Why does Taylor Swift’s Folklore feel so familiar?

Taylor Swift’s surprise album feels like a hug from an old friend you haven’t seen in years: not exactly what you expected, but comforting all the same.

We didn’t see it coming. Maybe we should have. But we didn’t.

Taylor Swift is known for her carefully crafted album release strategies. She drops hints. She releases singles. She knows her fans enjoy a good-spirited scavenger hunt of sorts, and she hands them the clues with no hesitation.

But not this time.

Folklore, Swift’s eighth studio album, was announced on July 23 and released at midnight on July 24. Fans had less than a day to mentally prepare themselves for the emotional waves that always accompany new Taylor Swift music.

No one knew what to expect. Chances are, that was no accident.

Swift’s last two albums were dramatic, filled with fast-paced stories of whirlwind romances, reckless promises of revenge, and powerful statements of rebellion. They were empowering. They were loud. They had to be.

Folklore‘s music, accompanied by acoustic instrumentals and warm vocals that guide the listener slowly down each separate story’s path, is nothing like that.

It speaks of mistakes, but not harshly. It reminds you of pain, but always with the promise of hope. Lost loves, tragedies, broken hearts, wounded souls — it’s all there, as it always is in a Taylor Swift album. But it’s not here to tell you a story. It’s here to experience a story along with you.

It doesn’t tell you how to feel. It feels for itself first, and you have no choice but to follow.

Folklore feels like the comfort food your friend sets in front of you against your will when you’re having a bad day. She knows it will help; you know it will help. You don’t expect it to bring you to tears — it’s just food.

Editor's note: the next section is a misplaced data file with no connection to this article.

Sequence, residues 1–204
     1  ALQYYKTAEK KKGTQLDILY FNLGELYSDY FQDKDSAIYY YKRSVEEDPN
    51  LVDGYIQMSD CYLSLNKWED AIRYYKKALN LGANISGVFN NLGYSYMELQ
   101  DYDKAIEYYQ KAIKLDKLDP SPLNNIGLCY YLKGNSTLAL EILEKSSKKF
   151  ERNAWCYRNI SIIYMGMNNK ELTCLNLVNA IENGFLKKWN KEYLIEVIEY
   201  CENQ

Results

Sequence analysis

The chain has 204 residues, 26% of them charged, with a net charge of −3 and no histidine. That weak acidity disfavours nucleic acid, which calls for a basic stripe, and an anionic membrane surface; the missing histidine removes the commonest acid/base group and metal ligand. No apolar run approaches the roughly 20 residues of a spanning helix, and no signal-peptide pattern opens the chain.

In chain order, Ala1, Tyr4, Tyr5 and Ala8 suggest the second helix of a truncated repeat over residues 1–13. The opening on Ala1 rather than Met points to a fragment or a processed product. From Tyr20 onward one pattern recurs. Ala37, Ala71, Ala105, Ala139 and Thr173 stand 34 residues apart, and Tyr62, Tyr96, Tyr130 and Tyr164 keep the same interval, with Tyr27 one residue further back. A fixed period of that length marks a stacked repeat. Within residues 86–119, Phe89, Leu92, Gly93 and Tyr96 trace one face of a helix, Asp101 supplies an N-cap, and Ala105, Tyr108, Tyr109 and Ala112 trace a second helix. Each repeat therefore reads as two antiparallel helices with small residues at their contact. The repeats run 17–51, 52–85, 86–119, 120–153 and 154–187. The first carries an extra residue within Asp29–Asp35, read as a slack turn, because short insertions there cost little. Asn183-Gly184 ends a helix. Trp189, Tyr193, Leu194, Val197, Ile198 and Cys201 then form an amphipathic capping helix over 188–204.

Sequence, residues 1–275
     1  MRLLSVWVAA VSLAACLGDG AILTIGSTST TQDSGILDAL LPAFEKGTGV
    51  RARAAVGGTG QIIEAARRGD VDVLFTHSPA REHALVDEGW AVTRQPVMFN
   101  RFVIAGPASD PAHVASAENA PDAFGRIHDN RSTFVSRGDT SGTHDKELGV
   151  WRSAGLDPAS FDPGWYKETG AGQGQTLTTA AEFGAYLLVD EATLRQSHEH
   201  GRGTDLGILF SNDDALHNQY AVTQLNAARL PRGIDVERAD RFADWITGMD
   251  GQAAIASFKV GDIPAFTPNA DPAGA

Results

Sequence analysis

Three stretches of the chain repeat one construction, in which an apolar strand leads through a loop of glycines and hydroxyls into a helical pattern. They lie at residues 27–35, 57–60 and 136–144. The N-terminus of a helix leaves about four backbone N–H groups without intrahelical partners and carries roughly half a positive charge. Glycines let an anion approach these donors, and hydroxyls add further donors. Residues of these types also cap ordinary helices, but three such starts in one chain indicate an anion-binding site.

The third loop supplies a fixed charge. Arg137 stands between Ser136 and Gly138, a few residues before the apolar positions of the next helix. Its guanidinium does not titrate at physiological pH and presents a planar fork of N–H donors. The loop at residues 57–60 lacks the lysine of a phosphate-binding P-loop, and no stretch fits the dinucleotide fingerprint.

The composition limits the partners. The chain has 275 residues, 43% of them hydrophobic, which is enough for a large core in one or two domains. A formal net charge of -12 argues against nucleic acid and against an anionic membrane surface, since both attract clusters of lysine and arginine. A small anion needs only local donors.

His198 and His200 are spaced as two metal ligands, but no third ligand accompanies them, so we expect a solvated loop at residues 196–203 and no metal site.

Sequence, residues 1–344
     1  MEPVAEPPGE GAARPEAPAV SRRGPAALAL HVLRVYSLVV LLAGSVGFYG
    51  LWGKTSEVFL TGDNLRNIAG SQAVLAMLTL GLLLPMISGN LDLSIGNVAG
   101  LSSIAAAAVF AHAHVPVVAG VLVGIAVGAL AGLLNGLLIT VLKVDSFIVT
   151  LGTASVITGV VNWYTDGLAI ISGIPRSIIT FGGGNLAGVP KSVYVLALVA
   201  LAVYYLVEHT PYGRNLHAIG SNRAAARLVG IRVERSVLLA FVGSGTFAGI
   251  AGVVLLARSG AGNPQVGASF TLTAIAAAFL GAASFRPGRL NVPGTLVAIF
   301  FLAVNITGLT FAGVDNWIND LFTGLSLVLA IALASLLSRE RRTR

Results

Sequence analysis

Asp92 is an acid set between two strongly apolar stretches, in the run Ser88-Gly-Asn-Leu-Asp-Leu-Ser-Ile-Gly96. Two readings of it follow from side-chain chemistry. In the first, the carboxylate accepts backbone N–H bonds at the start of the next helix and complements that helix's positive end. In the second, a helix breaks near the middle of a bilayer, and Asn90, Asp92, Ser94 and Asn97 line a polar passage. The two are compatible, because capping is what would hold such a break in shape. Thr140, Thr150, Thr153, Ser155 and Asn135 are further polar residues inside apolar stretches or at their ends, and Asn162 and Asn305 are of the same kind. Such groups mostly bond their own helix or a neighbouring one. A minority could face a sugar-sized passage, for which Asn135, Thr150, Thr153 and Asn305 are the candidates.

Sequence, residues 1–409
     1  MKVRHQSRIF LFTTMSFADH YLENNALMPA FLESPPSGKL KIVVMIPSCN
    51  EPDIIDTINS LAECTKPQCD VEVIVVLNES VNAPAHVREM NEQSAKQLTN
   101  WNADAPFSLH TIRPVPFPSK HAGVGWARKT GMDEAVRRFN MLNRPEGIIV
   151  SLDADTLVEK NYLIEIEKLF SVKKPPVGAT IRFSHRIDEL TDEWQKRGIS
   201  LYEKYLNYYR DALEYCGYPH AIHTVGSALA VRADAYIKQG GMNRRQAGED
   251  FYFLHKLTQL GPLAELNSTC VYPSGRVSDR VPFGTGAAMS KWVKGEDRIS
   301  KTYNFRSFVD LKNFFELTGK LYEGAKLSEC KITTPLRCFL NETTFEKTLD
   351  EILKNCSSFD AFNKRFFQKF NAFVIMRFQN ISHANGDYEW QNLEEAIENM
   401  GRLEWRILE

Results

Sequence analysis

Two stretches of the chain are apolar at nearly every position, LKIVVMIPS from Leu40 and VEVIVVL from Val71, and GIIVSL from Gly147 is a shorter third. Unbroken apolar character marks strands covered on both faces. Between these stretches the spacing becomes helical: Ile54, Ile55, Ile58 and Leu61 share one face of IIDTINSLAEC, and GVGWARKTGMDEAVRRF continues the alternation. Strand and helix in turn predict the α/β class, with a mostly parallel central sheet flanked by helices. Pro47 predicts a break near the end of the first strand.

But it’s the familiarity of the ingredients, the way it warms you from the inside out the moment you taste it. It opens you up in ways you aren’t expecting. It catches you off guard, but in that way that feels like a gift instead of a curse.

Just because this collection of Swift’s work is comforting doesn’t mean it’s stale, though. It presents itself with a hint of familiarity that remains throughout each of its 16 tracks in a way that reminds you of two things: One, this is Taylor Swift, and two, Taylor Swift can and will evolve, because we all do. Yes — even you.

Stare at the greyscale cover art for long enough and you’ll forget the vibrant colors of Taylor Swift albums past. This not music you play at parties to drown out the awkwardness of casual conversation. These are not songs you scream out of the windows of your car as summer comes to a close. This music is gentle. Calm. It tells you what you need to hear, but you have to sit still to hear it.

And that’s how it pulls you in. It forces you to pay attention. It demands that you remember where you’ve been and shows you where you are going.

Folklore feels familiar because it tells the stories we keep to ourselves. We’ve repeated them in our own heads so many times that we know them by heart.

Taylor Swift songs have always known exactly how to reach inside of each of us and uncover the secrets we’ve refused to share. But this time she does it so softly, with such deliberate purpose, that you don’t realize she’s telling your story until the song is on its final chorus and you’re too immersed in it to protest.

Swift’s new album somehow, once again, aligns perfectly with the milestones of my life — yours too, most likely. This is the music that speaks to the once broken soul finally healed and revving up to roar. These are the words and melodies that speak to anyone ready to fly who’s still hesitant to spread their wings.

Folklore is, with each song that plays, Swift’s way of showing us it’s possible to be exactly who we’ve always wished we were without waiting for anyone else’s permission to transform. Her music is unapologetic, but content. Raw, but effortless.

It is exactly what we needed right now. It is the promise of better days when all of them seem gone. It is the story of the futures we can have as long as we keep fighting for our right to live them.

This is a new sound born out of a new era. But it’s still the same Taylor Swift you were hoping to meet again. Always here to tell you it’s okay to feel, because that’s how beautiful things are made.

Where does Folklore rank among your favorite Taylor Swift albums? Do you have a favorite song yet?